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August 31, 2007

Charlotte's Web Revisited

Tim Gibb, Insect Diagnostician, Department of Entomology, Purdue University

"What spider is this and will it poison me?" is a question that frequently comes into our laboratory during the late summer and fall.  When large, ornate and beautifully colored spiders hang in elaborate webs in gardens or window sills they always call for closer (but not too close) examination.  If webs are constructed between bushes or buildings where unsuspecting persons walk face first into the web, they demand attention, and of course and answer to the question “what spider is this and will it poison me?”

Many spiders make webs but one of the most remarkable groups of web making spiders is called Argiopes or "garden spiders".  These spiders may become quite large and are always beautifully colored but are not venomous and do not bite people.  They have poor vision and so rely on webs to catch their prey.  The garden spider makes a large orb web and hangs, head down, in the hub of the web.  When an insect enters the web, the spider can sense the vibrations and tension on the various threads and immediately rushes to the exact spot that the insect has fallen into.  It quickly and efficiently wraps the captive up using silk and carries it back to the center of the web where it is eaten.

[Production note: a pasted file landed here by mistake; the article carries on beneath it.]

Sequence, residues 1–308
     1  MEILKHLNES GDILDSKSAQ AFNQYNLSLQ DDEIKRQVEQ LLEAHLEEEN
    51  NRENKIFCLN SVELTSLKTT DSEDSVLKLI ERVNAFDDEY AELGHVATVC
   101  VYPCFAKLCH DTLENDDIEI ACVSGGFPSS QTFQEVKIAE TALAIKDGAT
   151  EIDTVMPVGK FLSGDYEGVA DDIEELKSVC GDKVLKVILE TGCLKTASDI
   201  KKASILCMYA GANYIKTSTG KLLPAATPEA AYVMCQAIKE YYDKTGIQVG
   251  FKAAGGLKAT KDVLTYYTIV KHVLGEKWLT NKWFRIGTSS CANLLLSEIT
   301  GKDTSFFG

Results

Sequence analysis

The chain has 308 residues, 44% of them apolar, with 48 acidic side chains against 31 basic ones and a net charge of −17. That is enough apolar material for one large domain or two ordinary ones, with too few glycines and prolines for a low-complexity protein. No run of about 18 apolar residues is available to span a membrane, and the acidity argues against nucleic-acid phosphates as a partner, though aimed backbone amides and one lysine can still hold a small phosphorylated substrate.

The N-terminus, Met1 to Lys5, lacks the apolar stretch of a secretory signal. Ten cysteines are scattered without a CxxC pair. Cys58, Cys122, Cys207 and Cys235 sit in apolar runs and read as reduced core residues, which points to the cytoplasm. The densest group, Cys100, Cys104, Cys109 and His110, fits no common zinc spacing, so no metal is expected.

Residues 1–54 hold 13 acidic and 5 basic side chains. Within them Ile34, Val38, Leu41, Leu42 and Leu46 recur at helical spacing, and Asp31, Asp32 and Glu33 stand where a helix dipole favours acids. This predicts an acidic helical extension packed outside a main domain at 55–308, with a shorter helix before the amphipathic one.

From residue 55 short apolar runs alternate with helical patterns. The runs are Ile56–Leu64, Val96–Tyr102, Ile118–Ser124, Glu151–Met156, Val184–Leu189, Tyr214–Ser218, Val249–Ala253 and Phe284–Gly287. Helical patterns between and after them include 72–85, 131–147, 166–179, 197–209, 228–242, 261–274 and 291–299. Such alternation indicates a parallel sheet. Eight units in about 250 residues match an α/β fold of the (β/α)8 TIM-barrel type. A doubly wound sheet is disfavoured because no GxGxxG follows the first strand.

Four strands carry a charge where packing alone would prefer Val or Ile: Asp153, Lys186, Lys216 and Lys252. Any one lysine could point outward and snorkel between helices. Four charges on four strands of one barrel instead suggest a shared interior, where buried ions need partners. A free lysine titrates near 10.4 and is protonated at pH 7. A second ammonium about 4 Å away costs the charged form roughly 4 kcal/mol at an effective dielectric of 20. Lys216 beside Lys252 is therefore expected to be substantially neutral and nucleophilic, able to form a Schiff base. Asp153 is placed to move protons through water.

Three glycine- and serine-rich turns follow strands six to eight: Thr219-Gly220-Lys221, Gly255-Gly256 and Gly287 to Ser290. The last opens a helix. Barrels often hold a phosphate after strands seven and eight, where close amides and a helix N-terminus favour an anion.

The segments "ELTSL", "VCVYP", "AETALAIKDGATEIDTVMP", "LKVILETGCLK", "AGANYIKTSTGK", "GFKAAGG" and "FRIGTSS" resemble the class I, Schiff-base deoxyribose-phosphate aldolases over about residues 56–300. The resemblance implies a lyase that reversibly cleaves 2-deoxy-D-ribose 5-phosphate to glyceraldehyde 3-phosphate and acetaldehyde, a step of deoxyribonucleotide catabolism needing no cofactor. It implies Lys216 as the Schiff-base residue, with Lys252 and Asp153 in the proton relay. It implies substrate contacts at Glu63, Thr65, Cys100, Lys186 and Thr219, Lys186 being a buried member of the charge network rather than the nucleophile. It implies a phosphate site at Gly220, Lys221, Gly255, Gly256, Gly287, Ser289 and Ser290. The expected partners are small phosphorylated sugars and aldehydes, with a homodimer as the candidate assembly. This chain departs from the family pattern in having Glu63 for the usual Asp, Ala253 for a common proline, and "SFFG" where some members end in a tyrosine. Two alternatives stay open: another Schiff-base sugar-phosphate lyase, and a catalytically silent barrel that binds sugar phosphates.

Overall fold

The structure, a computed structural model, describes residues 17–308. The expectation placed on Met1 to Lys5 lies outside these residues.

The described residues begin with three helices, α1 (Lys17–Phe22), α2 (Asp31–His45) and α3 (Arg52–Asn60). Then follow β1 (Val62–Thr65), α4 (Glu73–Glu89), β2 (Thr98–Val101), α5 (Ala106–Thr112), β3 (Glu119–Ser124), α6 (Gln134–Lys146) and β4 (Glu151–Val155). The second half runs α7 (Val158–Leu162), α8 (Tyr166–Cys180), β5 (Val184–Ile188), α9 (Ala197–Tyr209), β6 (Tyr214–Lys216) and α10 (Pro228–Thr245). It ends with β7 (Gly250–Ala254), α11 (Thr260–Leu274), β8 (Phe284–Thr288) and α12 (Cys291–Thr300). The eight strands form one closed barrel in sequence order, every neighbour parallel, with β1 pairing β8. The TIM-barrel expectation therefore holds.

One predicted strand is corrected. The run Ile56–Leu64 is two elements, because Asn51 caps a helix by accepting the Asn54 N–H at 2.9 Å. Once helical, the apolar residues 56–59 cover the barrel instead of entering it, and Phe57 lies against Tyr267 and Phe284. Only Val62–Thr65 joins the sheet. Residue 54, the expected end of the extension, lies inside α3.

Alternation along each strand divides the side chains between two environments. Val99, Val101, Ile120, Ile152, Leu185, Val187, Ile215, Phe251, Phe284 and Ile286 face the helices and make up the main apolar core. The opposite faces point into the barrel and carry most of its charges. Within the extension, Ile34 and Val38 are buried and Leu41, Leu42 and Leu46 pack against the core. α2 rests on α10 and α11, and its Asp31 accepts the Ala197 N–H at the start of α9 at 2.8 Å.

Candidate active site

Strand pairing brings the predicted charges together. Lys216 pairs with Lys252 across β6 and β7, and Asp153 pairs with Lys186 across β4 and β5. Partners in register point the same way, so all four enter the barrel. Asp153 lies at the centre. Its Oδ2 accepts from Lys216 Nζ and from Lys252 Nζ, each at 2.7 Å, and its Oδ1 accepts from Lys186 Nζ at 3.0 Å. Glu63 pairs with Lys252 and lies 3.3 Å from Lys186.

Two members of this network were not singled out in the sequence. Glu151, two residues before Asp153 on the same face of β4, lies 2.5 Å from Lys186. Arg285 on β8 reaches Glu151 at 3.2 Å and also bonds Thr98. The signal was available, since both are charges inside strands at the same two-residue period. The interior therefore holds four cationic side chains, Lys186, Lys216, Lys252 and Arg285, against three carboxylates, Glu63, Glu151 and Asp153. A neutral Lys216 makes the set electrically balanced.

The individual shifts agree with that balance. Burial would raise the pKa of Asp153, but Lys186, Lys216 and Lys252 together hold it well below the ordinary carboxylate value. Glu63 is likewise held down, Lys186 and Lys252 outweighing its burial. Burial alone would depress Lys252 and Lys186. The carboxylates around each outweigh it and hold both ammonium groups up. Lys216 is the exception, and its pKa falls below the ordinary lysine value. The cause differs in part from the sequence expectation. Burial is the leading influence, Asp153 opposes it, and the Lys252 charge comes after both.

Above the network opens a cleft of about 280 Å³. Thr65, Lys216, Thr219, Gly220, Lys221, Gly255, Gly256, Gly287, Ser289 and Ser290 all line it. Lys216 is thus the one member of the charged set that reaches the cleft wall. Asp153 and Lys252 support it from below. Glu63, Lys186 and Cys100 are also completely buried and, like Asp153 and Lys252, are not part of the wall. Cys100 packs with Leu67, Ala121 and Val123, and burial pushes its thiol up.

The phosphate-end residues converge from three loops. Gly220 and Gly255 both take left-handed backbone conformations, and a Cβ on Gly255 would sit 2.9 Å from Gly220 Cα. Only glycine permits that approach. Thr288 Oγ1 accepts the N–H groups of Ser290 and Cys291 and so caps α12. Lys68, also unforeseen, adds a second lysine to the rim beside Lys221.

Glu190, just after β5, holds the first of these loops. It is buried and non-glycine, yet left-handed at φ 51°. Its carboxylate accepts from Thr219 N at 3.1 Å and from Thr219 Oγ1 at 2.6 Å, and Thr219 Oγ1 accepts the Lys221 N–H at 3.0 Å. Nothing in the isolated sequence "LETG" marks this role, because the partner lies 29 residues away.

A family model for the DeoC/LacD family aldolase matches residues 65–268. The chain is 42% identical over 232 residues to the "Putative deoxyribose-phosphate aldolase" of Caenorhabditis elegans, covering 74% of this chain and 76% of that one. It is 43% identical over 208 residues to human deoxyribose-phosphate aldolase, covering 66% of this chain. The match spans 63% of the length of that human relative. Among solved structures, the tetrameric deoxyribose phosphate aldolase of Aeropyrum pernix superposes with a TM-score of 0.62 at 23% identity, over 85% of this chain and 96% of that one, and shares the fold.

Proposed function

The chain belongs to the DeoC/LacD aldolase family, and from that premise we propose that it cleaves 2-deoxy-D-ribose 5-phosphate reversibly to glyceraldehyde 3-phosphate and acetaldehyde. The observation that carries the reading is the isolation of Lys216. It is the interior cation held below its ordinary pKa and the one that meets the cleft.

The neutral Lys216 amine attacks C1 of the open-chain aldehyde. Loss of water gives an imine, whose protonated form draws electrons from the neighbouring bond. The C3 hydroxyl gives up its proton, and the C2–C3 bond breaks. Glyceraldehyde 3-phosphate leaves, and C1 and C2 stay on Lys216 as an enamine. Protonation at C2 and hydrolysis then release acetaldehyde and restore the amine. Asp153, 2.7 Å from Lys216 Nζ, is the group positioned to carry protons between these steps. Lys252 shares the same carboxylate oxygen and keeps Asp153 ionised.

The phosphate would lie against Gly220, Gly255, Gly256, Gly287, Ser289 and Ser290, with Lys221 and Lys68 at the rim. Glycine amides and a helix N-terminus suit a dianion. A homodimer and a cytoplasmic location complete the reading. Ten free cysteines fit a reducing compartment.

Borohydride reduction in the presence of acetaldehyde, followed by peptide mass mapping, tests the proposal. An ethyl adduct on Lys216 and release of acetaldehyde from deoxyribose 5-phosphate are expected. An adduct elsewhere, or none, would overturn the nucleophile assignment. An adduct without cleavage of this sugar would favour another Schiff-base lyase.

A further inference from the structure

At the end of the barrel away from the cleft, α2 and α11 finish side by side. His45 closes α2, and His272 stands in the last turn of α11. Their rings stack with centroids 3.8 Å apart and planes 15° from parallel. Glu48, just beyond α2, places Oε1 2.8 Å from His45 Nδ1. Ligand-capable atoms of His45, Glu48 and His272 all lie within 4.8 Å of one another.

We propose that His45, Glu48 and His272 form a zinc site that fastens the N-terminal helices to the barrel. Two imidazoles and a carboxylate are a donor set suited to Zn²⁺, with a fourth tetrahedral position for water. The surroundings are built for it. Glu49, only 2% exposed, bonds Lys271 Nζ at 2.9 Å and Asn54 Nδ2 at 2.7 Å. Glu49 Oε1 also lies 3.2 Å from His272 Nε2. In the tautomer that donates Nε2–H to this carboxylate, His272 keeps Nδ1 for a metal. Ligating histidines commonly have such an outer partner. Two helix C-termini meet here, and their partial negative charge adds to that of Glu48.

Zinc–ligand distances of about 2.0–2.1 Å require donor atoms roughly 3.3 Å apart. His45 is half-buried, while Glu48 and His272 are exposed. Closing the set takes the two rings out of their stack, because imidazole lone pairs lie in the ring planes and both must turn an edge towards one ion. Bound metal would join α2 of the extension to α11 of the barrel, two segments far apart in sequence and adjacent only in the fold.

The female spider is much larger that the male and can often be seen making egg sacs and either hanging them in the web or attaching them nearby to herbs or other objects.

Garden spiders not only create very large orb webs, but these are the spiders that sometimes weave interesting patterns into their webs, patterns that someone might even mistake as written words.  If you really use your imagination the words might read, “I am a friendly garden spider and I am not poisonous.”

Click image to enlarge

Argiopes spider

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